Latest Update Stanton homers, drives in three in Marlins victory Tue Aug, 26, 01:14 AM
Has light-tower power, capable of hitting the ball out of any park with aplomb. Can also produce a lot of runs. Is able to play either corner outfield position.
Flaws: : Needs to cut down on his propensity to strike out a lot. Doesn't have much base-stealing acumen to speak of. Can also use a little refinement on defense.
With Stanton's 33rd home run of the season on Monday, he has now reached 150 home runs for his career, which makes him the third youngest active player to reach that milestone at the age of 24 years and 290 days old. Only Albert Pujols (24 years, 212 days) and Alex Rodriguez (24 years, 255 days) reach the 150 home run club faster. This has been a great season for the Marlins slugger, who is now slashing .299/.407/.566 with 97 RBI to go along with his league-lead in long balls, as he make a serious run for NL MVP consideration. Analyst: Matthew Beck
Really. What more can we say? It's the dream season you've all been wanting to see from him as he's batting .299 with 32 home runs and 92 RBI with still more than a month toplay. We'd love to see a nice home run binge to put him over 40 for the year, but we'll honestly be happy with whatever stat line he finishes with at this point. Guess who jumps into the top-five overall conversation next year?Analyst: Howard Bender
The dream season continues as Stanton hits safely for the fifth consecutive game while adding to his RBI total. He's currently batting .297 with 32 home runs and 89 RBI and withe the right run, say a three-game set in Colorado coming, he could go on a home run tear and pout himself in a spot where he could hit 40 bombs. That's where the hope is, but don't be too disappointed if he doesn't reach that mark. He will soon enough.Analyst: Howard Bender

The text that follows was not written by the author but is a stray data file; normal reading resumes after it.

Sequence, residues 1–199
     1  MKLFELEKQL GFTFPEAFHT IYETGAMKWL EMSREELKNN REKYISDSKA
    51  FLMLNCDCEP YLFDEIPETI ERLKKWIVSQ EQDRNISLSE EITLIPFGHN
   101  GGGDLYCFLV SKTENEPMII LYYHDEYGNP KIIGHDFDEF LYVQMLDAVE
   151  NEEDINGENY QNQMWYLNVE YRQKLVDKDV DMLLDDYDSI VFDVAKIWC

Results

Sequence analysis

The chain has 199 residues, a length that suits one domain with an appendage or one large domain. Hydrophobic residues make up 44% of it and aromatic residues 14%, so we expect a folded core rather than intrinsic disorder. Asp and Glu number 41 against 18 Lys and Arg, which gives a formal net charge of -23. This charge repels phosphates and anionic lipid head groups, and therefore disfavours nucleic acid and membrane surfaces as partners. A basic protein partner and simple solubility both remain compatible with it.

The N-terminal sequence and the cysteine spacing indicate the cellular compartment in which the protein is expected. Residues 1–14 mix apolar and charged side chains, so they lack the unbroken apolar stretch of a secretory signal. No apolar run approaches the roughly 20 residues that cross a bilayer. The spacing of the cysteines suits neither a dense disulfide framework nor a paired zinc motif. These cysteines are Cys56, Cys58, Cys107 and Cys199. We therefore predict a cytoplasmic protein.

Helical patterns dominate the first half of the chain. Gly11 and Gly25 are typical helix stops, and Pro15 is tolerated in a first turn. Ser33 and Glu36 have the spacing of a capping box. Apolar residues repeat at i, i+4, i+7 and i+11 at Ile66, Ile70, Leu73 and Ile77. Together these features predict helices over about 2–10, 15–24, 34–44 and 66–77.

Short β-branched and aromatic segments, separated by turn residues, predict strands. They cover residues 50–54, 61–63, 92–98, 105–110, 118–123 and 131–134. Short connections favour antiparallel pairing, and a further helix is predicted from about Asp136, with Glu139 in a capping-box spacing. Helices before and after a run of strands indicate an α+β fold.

The step forward that Stanton has taken this year has been absolutely outstanding for his fantasy owners and is much more representative of our expectations over the last few seasons. It's difficult to imagine him remaining a .295 hitter, but with the maintenance of his 14-plus-percent walk rate and a steady three-year decline in strikeouts, perhaps the notion is too far-fetched. The bottom line though is that the power is there and now suddenly there's some plate discipline too. While it was nice of him to say that he would like to stay in Miami, the only way that's going to happen is if he leaves money on the table. A contract like he will command will have to come from somewhere else, and when it does, we're hoping it's in a home with a much more hitter-friendly ballpark.Analyst: Howard Bender